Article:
Lawyers for Dennis Tetso were denied Friday a motion to dismiss the murder case against their client for prosecutorial misconduct and due process violations.
David B. Irwin alleged Baltimore County prosecutors put Detective Philip G. Marll on the witness stand to give perjured testimony related to the search of Tracey Gardner-Tetso’s car the day it was recovered in a Glen Burnie parking lot. Marll, the lead investigator in the case, testified Thursday under direct examination that he inspected the car’s interior in the afternoon at police headquarters after receiving the keys from Tetso.
But Irwin, during an animated cross-examination Friday morning, produced a police report showing officers used a wire hanger to open the car on the parking lot. Marll said that might have happened but he did not see it, a fact Irwin challenged because of Marll’s role as lead investigator.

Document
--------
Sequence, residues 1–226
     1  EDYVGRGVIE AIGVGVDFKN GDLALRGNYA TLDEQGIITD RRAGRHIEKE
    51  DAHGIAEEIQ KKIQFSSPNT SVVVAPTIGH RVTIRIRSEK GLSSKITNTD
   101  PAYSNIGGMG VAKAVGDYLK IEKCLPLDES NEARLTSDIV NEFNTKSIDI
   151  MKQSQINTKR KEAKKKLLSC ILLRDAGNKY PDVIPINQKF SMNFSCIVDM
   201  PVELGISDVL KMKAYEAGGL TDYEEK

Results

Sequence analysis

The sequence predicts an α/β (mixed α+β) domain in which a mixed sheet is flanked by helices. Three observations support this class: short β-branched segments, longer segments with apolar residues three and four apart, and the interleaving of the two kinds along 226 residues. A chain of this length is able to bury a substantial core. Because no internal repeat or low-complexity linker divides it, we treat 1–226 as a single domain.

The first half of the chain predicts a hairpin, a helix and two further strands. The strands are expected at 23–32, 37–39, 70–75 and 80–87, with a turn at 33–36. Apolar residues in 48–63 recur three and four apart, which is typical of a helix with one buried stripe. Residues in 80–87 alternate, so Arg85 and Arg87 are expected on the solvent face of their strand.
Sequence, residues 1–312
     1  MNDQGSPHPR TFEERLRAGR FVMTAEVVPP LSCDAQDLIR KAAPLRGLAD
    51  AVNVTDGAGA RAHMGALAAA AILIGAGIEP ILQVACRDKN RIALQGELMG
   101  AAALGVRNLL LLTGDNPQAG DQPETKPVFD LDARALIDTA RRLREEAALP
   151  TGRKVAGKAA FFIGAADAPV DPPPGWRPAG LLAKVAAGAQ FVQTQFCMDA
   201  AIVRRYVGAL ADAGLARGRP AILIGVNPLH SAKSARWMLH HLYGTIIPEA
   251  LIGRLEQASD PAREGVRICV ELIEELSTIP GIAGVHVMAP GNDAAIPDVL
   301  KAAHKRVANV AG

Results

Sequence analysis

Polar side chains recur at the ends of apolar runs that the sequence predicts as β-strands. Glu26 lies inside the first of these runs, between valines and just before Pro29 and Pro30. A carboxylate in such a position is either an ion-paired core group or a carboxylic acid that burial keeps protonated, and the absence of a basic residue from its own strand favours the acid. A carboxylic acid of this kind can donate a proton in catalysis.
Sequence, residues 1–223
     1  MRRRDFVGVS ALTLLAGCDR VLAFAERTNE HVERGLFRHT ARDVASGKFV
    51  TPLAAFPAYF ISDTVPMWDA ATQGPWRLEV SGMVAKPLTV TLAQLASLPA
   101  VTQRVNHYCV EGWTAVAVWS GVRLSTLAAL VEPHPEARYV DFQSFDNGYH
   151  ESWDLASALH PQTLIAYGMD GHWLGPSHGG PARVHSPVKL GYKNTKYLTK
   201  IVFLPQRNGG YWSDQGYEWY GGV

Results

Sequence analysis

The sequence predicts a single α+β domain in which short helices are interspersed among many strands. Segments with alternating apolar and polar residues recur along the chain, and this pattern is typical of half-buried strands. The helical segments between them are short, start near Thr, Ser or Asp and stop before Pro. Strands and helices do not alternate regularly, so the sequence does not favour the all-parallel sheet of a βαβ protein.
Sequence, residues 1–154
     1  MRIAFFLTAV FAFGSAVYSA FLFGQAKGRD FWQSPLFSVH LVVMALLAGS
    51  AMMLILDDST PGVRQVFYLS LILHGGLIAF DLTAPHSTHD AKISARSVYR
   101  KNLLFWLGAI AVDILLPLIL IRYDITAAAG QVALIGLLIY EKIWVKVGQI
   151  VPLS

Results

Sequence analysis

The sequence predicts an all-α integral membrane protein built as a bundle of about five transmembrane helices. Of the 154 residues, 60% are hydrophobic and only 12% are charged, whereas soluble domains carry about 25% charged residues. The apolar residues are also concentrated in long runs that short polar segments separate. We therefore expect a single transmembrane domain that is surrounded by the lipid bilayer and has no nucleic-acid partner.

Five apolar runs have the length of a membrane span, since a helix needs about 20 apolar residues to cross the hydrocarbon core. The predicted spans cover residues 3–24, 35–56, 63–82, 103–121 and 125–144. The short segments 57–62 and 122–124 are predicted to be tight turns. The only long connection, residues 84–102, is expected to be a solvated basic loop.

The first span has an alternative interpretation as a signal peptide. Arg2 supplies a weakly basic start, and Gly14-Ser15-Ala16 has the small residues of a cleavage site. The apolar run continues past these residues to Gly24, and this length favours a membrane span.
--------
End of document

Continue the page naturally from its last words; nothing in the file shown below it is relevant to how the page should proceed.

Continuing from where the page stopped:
“He lied. He deceived,” Irwin said, calling the detective’s testimony “malicious.”
Garret Glennon, an assistant state’s attorney, called Irwin’s motion “ridiculous” and said Marll was not present when the wire hanger was used and forgot about the police report amid the thousands of documents the detective amassed in the case.
“Prosecutors would be in big trouble if cases were thrown out every time a detective forgot something,” Glennon said.
Judge Patrick Cavanaugh denied the defense motion while acknowledging “things might be different” had the case been a non-jury trial.
“The jury is the trier of fact,” Cavanaugh said. “The jury judges the credibility of the witnesses.”
Tracey Gardner-Tetso, Dennis Tetso’s wife, has not been seen or heard from since March 6, 2005, when the 32-year-old was supposed to attend a Mötley Crüe concert in Washington, D.C. Tetso’s trial, which began last week in Baltimore County Circuit Court, is believed to be the first of its kind in the county and only the seventh held in Maryland since at least 1980.
Prosecutors are scheduled to call two more witnesses Friday before resting their case.